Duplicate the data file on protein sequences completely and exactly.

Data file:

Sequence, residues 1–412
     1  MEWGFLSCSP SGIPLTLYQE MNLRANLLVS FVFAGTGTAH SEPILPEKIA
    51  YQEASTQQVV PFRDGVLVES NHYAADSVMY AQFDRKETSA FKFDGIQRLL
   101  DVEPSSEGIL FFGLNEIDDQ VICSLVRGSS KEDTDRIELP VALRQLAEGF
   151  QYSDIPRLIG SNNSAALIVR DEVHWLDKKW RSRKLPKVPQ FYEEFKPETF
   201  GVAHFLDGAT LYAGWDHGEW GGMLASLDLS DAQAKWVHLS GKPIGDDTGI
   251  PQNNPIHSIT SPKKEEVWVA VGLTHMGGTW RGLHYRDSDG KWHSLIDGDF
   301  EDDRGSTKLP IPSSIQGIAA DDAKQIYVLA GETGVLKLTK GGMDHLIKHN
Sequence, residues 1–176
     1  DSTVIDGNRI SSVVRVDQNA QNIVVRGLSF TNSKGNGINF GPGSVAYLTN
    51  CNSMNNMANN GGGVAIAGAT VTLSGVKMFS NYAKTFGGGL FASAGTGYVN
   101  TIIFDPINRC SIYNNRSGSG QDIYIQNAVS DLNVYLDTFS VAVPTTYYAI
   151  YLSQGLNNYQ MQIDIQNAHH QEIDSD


Sequence, residues 1–412
     1  MEWGFLSCSP SGIPLTLYQE MNLRANLLVS FVFAGTGTAH SEPILPEKIA
    51  YQEASTQQVV PFRDGVLVES NHYAADSVMY AQFDRKETSA FKFDGIQRLL
   101  DVEPSSEGIL FFGLNEIDDQ VICSLVRGSS KEDTDRIELP VALRQLAEGF
   151  QYSDIPRLIG SNNSAALIVR DEVHWLDKKW RSRKLPKVPQ FYEEFKPETF
   201  GVAHFLDGAT LYAGWDHGEW GGMLASLDLS DAQAKWVHLS GKPIGDDTGI
   251  PQNNPIHSIT SPKKEEVWVA VGLTHMGGTW RGLHYRDSDG KWHSLIDGDF
   301  EDDRGSTKLP IPSSIQGIAA DDAKQIYVLA GETGVLKLTK GGMDHLIKHN
Sequence, residues 1–176
     1  DSTVIDGNRI SSVVRVDQNA QNIVVRGLSF TNSKGNGINF GPGSVAYLTN
    51  CNSMNNMANN GGGVAIAGAT VTLSGVKMFS NYAKTFGGGL FASAGTGYVN
   101  TIIFDPINRC SIYNNRSGSG QDIYIQNAVS DLNVYLDTFS VAVPTTYYAI
   151  YLSQGLNNYQ MQIDIQNAHH QEIDSD